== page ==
Yaime Perez and Denia Caballero 1-2 in Birmingham

The top three places in the women’s discus reflected the 2019 world list with Cuban duo Yaime Perez and Denia Caballero getting the better of world and Olympic champion Sandra Perkovic.

Perkovic enjoyed a brief lead with her second-round effort of 61.97m but it was soon surpassed by Caballero’s 64.59m just minutes later. Perez responded in the third round with 64.87m to take the lead. Neither Cuban improved in the second half of the competition, but Perkovic moved closer with her fifth-round effort of 63.80m.

With one more scoring opportunity left before the IAAF Diamond League final, Perez, Caballero and Perkovic have all done enough to qualify.

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Pan American Athletics Summary Day 4

Venezuela’s Yulimar Rojas produced one of the most impressive performances of the 18th edition of the Pan-American Games, winning the triple jump with a 15.11m leap, a world leader, Games’ and national record on Friday (9) to highlight day four action at Lima’s Estadio de la Videna.

The 23-year-old from Caracas, world ranked No.2 and the 2017 world champion, was totally dominant over a quality field that didn’t include the 2016 Olympic champion and 2011 and 2015 Pan-Am Games winner, Catherine Ibargüen. The 35-year-old Colombian, world ranked No.1, decided not to compete in this event in Lima, where she only contested the long jump (and finished fifth with 6.54m on 6 August).

Rojas, who was fourth four years ago in Toronto, delivered an impressive series, in spite of the evening’s cold conditions. She produced three measured jumps, reaching 14.90m (0.7 m/s) on her first, 14.67m (-0.1) with her third and her 15.11m winner with her fourth. Her final effort, a foul by about seven centimetres, was a very long one, in the 15.50m area, which indicates that the tall Venezuelan could jeopardize the 24-year-old world record of 15.50 set by Ukraine’s Inessa Kravets on 10 August 1995 in Gothenburg. The leap also added five centimetres to her previous career best set in Huelva, Spain, on 20 June.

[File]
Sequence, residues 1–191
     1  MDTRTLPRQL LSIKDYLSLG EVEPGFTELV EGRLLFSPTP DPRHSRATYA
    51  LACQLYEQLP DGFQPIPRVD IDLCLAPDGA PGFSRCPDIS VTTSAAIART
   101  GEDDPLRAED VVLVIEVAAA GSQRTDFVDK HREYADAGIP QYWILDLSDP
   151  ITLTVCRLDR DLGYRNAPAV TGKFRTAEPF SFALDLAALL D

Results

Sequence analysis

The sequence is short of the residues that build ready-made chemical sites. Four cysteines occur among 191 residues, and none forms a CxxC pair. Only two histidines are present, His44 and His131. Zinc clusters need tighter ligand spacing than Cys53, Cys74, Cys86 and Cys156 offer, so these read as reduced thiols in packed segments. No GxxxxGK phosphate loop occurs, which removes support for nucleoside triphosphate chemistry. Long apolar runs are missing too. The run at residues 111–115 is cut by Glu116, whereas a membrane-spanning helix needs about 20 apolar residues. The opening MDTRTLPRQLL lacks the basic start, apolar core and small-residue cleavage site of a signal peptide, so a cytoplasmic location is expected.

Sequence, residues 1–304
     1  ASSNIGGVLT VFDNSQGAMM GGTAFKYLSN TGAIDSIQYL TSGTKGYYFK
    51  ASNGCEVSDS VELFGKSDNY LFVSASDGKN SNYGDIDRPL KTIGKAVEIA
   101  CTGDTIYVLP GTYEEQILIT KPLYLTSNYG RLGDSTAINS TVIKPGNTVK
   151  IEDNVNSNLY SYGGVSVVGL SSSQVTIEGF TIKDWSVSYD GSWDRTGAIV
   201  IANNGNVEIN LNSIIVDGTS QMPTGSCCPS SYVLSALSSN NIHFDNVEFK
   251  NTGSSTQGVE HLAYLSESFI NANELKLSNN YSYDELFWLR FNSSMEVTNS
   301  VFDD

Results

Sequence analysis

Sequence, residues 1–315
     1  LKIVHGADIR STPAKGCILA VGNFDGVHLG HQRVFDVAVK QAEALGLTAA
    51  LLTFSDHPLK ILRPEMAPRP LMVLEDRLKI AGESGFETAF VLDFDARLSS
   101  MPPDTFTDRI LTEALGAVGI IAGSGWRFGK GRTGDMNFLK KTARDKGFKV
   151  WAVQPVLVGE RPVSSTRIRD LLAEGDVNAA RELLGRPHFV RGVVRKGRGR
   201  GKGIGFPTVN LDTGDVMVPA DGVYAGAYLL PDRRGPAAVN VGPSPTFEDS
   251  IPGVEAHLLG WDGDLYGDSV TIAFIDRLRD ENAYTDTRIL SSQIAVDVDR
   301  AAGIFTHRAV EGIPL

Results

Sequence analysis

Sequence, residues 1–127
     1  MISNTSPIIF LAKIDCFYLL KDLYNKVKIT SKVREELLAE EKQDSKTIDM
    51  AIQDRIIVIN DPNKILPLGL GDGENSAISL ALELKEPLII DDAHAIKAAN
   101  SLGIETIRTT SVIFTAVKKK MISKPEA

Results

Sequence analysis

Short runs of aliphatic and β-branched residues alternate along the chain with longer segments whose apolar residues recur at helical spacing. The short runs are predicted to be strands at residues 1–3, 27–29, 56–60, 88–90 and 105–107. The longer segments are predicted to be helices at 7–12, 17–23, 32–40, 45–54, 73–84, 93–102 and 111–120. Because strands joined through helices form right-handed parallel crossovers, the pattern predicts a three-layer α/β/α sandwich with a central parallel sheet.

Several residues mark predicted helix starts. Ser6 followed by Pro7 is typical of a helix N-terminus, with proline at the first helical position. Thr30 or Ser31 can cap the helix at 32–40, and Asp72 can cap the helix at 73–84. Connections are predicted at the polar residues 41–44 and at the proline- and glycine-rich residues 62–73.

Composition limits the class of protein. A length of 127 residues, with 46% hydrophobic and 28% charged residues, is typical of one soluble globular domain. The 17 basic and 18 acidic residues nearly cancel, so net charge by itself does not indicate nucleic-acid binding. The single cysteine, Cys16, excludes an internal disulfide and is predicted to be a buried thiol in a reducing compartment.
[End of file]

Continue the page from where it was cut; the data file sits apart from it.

Rojas’ medal is only the second athletics gold by a Venezuelan woman in Pan-American Games history. Jamaica’s Shanieka Rickets, world ranked No.3, was second with a personal best of 14.77m (0.7 m/s), also after a solid series: foul, 14.76m (0.7), 14.76m (1.2), 14.43m (1.0) and 14.77m. Cuba’s Liadagmis Povea, world ranked No.4, was third with 14.60m (-0.6).

More honours for Fraser-Pryce

Shelly-Ann Fraser-Pryce, one of the most successful athletes of this time, added the Pan-American Games 200m title to her illustrious collection with a 22.43 (-0.1 m/s) performance to break the previous games record of 22.45 set by USA’s Evelyn Ashford in 1979.

Shelly-Ann Fraser-Pryce en route to the Pan-American Games 200m title (Getty Images)Shelly-Ann Fraser-Pryce en route to the Pan-American Games 200m title (Getty Images) © Copyright

The 32-year-old from Kingston, world ranked No.2 at 100m, and multiple Olympic and world champion, dominated the race entirely, running a smooth curve and finishing off with her traditional and powerful stride, even relaxing a bit over the last 10 metres.